How does one define “greatness” in a pianist? Is it the willingness to tackle a broad sweep of repertoire from Baroque to present-day? Profound musicality and penetrating insights, founded on pristine technique? A fearless approach to risk-taking in live concerts? Italian pianist Maurizio Pollini is the sum of these parts - and much more – as his recent concerts in London have demonstrated. Here is an artist who is equally at home in the elegance of Bach, the intimacy of Chopin’s miniatures and the spiky modernism of Pierre Boulez, always bringing supreme pianism and fresh insights to his performances.

Maurizio Pollini © Cosimo Filippini
Maurizio Pollini
© Cosimo Filippini

For his second International Piano Series concert at a packed Royal Festival Hall, Pollini trod a more traditional path in an all-Beethoven programme. Traditional, but also ambitious: to perform three of the most well-known, revered and technically demanding of Beethoven’s thirty-two piano sonatas would be a challenge for any artist. For a man of seventy-two (and he looks older and frailer) this was a monumental programme, which scaled the highest Himalayan peaks of pianism and technical facility, so Pollini could be forgiven for the odd mis-placed chord or smeared passage.

In fact, the fleetness of his fingers in the opening sentences of the “Tempest” Sonata (no. 17 in D minor, Op. 31 no. 2) belied his age. A portentous arpeggio unfurled across the keyboard, bring with it immediate tension, for no clear key is established at this point, before launching into an urgent, agitated Allegro. An ambitious tempo, highly risky in less skilled hands, set the tone for the first movement, Pollini creating a sense of excess only just held in check. There were moments when the tempest threatened to overwhelm him, but he cunningly commandeered his forces, bringing great drama through musical colour and articulation rather than sheer dynamic force. As a consequence, the recitative-like sections of this movement seemed to come from nowhere: spare and unexpected, “modern” even, the notes hovering over a chillingly ominous bass chord (perhaps held longer than Beethoven might have intended, but to great effect).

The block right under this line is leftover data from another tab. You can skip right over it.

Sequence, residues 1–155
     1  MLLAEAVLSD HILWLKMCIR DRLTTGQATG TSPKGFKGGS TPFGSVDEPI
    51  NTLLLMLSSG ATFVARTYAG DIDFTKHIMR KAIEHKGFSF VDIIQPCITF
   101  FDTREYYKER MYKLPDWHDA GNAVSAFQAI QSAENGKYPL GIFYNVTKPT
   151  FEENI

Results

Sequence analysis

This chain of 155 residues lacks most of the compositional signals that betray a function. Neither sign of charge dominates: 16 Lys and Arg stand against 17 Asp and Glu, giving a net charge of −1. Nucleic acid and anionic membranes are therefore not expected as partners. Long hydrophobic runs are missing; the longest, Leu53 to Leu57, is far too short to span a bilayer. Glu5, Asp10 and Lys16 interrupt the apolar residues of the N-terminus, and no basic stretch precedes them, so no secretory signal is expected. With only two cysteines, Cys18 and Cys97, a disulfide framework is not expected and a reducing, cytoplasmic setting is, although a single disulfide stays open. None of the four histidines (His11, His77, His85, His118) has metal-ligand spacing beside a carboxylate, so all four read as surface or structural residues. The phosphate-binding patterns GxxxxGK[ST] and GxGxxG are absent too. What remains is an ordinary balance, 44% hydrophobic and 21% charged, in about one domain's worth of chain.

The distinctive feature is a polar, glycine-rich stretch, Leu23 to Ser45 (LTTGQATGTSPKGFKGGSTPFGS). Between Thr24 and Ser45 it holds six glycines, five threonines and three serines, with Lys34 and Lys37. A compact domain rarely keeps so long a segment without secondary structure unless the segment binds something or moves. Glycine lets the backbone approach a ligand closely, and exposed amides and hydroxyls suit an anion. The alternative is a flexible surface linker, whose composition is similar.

The Adagio middle movement was delightfully restrained. Its opening arpeggio harks back to the first movement, but here tension was replaced by tenderness and the movement unfolded with a wit and elegance redolent of Haydn. This sensitive lyricism was carried through into the final movement, and Pollini’s more guarded tempo here allowed one to enjoy the perpetual motion of the music without any compromise in quality of sound or articulation.

After such an extraordinary opening statement, it was therefore a pity that the “Waldstein” (no. 21 in C major, Op. 53) could not quite match the first sonata in its intensity or lyricism. The throbbing quaver figure of the first movement was rather lost in some muddy articulation and the glowing chorale of the second movement never really took flight.

Pollini made light of the infamously difficult opening of the “Hammerklavier” – the rapid leap of an octave and a half in the left hand alone (though some pianists prefer to take this with both hands) – and launched into the movement with a velocity and heroic drive that Beethoven himself would have admired. The second movement Scherzo seemed to develop directly from the first movement, while the third movement exhibited grandeur combined with elegance, the decorations and fiorituras delicately turned, their rubato looking forward to Chopin’s ornamentation. In the finale, Pollini seemed to retreat into himself and the music, producing a movement of intense concentration and musical coherence. Beethoven himself stated that this closing movement would “give the pianist something to do”, and Pollini carved a path through the unremitting restlessness of this great fugue to be greeted, on its close, with immediate applause and a standing ovation.

To follow such power and rhetoric, two late Bagatelles provided the perfect encore, and the first, Op. 126, no. 3, seemed to float on a single breath, fleeting and magical.